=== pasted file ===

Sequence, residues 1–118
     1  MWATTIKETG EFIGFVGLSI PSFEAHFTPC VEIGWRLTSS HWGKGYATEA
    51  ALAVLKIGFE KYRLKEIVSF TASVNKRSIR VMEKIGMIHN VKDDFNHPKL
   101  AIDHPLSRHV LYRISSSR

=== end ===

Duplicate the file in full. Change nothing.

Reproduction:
Sequence, residues 1–118
     1  MWATTIKETG EFIGFVGLSI PSFEAHFTPC VEIGWRLTSS HWGKGYATEA
    51  ALAVLKIGFE KYRLKEIVSF TASVNKRSIR VMEKIGMIHN VKDDFNHPKL
   101  AIDHPLSRHV LYRISSSR